Changing public attitudes about cannabis consumption have currently led 36 U.S. states and the District of Columbia to approve laws that make cannabis available to consumers with qualifying medical conditions. This article reviews the 36 states and the District of Columbia with medical cannabis access laws to determine if the state or the District also allows reimbursement of the costs of cannabis for a work-related health condition under that state's or District's workers' compensation insurance (WCI) laws and administrative regulations. The legal basis for a state allowing or not allowing WCI reimbursement is described. The review found that only six of the 36 states expressly allow cannabis WCI reimbursement, six expressly prohibit it, 14 states do not require reimbursement, and 10 states, and the District of Columbia, are silent on the issue. The article describes the role of the insurer, treating physician, and worker in obtaining WCI reimbursement in the six states that expressly allow cannabis WCI reimbursement. Comparisons are made to how selected Canadian provinces and territories administer cannabis reimbursement under Canada's new national cannabis legalization law. The article discusses the future role of cannabis legalization in the United States and the evolving role of cannabis from an international perspective.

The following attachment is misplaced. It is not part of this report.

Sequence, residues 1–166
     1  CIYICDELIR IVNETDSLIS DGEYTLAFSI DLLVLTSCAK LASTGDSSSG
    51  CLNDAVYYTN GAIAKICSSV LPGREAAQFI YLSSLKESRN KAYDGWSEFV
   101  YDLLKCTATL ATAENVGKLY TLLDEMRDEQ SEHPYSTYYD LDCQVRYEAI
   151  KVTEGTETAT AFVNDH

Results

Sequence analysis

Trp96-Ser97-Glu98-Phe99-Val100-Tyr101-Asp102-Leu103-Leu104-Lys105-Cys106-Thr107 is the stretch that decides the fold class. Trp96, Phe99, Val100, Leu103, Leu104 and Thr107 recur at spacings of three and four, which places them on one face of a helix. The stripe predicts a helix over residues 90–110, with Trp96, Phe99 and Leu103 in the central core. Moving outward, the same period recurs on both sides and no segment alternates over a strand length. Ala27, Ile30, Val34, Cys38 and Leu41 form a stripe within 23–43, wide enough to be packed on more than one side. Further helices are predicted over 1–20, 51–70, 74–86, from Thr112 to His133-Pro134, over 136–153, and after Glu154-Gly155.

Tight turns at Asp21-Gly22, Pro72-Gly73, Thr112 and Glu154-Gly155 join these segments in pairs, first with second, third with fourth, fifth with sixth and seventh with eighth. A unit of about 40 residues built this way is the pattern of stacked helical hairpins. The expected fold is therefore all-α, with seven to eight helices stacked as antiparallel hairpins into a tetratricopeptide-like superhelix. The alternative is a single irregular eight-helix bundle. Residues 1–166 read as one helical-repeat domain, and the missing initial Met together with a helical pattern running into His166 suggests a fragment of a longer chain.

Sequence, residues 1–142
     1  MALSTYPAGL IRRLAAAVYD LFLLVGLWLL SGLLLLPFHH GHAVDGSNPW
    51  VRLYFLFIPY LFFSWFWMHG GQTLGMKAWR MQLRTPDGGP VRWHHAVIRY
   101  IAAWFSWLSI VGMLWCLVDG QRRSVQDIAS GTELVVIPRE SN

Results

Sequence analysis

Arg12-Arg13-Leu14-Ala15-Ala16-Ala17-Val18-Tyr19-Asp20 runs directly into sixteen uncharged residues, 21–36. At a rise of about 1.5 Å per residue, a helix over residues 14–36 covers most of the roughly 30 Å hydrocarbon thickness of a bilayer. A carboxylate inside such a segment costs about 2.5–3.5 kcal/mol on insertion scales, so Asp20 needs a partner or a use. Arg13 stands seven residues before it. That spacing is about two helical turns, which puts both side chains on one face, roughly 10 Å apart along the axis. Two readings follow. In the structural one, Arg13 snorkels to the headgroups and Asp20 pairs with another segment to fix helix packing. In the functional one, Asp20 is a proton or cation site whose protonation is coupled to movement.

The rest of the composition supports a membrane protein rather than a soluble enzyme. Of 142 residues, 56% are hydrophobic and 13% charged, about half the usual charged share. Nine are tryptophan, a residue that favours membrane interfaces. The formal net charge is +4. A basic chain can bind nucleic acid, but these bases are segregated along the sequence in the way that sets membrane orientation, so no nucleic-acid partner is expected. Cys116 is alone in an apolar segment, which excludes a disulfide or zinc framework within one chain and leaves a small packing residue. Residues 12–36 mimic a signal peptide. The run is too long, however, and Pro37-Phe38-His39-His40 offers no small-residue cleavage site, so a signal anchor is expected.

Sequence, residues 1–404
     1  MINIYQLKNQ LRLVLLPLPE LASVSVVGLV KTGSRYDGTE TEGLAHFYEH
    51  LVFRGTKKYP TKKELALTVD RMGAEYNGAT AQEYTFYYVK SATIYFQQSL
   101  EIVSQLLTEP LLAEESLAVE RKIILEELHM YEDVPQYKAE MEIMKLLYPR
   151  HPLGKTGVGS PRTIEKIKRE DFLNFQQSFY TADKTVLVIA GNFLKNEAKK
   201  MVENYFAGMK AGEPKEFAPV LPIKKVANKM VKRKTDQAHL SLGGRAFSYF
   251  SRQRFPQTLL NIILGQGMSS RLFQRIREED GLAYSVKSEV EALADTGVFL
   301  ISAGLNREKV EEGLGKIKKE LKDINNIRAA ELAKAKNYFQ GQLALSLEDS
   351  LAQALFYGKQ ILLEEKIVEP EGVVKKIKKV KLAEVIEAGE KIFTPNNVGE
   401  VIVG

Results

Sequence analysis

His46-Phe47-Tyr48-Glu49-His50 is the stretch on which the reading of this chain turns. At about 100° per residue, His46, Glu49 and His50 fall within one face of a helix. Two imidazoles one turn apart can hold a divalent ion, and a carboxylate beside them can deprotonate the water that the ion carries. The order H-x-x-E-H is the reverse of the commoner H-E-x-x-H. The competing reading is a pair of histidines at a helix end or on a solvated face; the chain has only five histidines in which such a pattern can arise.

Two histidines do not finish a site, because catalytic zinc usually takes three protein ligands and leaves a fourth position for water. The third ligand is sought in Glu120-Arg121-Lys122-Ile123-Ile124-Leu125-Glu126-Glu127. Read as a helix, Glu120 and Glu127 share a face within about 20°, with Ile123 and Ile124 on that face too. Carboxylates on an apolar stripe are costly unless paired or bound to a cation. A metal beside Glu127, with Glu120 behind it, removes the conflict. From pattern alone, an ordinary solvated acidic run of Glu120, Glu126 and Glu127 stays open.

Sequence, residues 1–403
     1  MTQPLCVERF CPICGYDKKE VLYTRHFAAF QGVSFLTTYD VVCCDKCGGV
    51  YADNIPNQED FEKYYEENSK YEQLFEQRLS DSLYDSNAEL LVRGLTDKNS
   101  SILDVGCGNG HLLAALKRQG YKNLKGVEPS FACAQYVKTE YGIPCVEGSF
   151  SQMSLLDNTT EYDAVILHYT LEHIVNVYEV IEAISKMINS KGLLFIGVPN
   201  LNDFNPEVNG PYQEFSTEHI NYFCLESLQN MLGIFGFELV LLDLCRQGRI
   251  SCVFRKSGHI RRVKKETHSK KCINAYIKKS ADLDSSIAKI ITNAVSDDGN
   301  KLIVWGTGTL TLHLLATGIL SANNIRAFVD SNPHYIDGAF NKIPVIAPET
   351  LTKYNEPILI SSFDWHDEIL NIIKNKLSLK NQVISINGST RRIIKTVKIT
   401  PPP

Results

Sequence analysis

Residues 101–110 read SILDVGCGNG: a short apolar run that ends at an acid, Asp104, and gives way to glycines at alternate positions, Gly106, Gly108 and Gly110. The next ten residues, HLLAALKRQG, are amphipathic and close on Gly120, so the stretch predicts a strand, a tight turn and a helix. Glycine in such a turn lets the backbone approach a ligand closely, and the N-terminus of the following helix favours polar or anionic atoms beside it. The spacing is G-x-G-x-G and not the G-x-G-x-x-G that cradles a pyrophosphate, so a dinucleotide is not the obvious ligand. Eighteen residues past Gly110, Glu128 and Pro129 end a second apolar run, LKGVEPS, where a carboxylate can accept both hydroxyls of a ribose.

Keywords: CBD; THC; cannabinoids; descheduling; reimbursement.
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